Pennsylvania angler wins July TroutBlitz contest
WASHINGTON, D.C.— James Garrison of Lebanon, Pa., is the winner of Trout Unlimited’s July TroutBlitz contest and will receive a 72-piece fly box from TU corporate sponsor FlyAssortments.com.
TroutBlitz is TU’s citizen-science effort designed to allow anglers all over North America the opportunity to catalog their catches photographically simply by going fishing. Garrison cataloged 10 observations between July 1 and July 31, earning him the top prize over the month of July, and the fly assortment, which features several attractor nymph patterns, including a number of versions of deadly San Juan Worm flies. Garrison said he typically chases trout in the mountain streams and spring creeks of central Pennsylvania. He also fishes for steelhead and salmon in the tributaries to Lake Erie in both Pennsylvania and New York.
The contest continues throughout the October, and the angler who catalogs the most observations between Aug. 1 and Aug. 31 will receive a full assortment of grasshopper and terrestrial flies, courtesy of FlyAssortments.com. A grand prize winner—the angler who catalogs the most observations over the course of the entire summer (June-October) will win a FlyAssortments.com “war chest” of fly patterns.
“It’s still possible to start fishing now and win that huge selection of premium flies," said Wayne Richey of FlyAssortments.com. “We’re so pleased to be helping TU’s science team identify trout strongholds across the country thanks to citizen anglers. The data TroutBlitz participants are gathering is very important, so we hope more anglers will take part.”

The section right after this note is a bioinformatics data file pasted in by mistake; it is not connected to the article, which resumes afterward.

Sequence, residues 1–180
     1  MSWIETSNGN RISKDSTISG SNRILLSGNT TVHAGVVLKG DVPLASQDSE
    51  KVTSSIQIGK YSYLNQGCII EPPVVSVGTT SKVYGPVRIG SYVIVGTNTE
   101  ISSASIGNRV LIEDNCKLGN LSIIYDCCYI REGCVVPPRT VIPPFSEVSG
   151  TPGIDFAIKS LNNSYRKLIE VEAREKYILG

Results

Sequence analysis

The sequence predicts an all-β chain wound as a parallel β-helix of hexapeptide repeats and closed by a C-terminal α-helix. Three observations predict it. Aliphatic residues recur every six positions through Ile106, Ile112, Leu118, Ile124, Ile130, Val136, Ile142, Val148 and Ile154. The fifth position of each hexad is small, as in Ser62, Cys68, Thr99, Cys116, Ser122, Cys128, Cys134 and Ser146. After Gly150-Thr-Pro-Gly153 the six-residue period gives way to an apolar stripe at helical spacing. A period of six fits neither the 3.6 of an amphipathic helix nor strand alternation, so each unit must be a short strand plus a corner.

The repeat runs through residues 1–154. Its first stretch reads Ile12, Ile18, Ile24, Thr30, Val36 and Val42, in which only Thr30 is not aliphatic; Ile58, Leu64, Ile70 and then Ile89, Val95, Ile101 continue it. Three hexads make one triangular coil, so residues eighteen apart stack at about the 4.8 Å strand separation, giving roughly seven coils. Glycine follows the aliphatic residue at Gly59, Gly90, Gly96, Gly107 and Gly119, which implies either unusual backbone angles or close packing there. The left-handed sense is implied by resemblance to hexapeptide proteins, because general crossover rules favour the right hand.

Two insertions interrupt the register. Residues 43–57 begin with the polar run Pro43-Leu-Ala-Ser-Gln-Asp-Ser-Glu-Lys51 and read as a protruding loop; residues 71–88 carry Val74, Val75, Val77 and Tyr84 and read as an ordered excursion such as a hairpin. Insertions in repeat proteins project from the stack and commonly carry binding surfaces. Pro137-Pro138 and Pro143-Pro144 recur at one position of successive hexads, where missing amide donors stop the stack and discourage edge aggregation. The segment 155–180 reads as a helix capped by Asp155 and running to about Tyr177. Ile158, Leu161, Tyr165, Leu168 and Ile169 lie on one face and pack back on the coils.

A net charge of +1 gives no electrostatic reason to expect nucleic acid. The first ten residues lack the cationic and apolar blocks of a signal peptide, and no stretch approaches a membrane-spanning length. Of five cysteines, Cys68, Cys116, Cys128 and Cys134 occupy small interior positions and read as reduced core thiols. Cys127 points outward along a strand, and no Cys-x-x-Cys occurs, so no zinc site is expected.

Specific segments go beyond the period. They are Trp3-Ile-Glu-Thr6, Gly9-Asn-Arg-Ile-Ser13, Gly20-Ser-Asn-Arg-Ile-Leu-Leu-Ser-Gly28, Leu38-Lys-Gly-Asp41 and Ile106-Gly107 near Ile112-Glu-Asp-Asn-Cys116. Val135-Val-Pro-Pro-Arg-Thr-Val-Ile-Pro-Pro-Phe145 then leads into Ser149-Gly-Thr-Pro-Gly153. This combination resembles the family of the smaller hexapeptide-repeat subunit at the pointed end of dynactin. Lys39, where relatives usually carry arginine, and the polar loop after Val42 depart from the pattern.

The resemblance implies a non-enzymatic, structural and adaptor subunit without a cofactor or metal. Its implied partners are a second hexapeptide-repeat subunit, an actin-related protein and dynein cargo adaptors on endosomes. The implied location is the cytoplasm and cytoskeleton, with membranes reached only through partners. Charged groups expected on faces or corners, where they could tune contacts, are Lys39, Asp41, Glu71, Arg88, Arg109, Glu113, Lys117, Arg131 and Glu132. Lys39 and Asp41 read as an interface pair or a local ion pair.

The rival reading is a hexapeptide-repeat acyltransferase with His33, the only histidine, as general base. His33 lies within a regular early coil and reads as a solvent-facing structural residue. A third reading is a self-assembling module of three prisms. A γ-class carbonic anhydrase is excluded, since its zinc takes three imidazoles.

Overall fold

To participate, simply visit TU’s TroutBlitz home page (http://www.tu.org/tu-projects/troutblitz) and sign up for a free account via the easy-to-navigate iNaturalist interface. Then, just go fishing, and take photos of trout that can be easily identified by TU’s science team. The interface will guide you in the process, help you enter the water in which the fish was captured, and the GPS coordinates of that watershed. Be sure, when taking photos, that the fish is alive at the time of the photograph, and preferably held near or under the water to ensure survival if the fish is to be released.
“We certainly don’t have any problems with anglers harvesting trout where that’s legal, but if you plan to release the fish, be sure to keep in the water as much as possible to ensure its eventual survival,” said Jack Williams, TU’s senior scientist. Also, Williams noted, live fish are easier to identify than dead and cleaned fish destined for the skillet. There are tips for taking good photos that are observation quality on the TroutBlitz home page.
Trout Unlimited is the nation’s oldest and largest coldwater fisheries conservation organization dedicated to conserving, protecting and restoring North America’s trout and salmon and their watersheds. Follow TU on Facebook and Twitter. Also, follow TU’s blog, and visit us online at tu.org.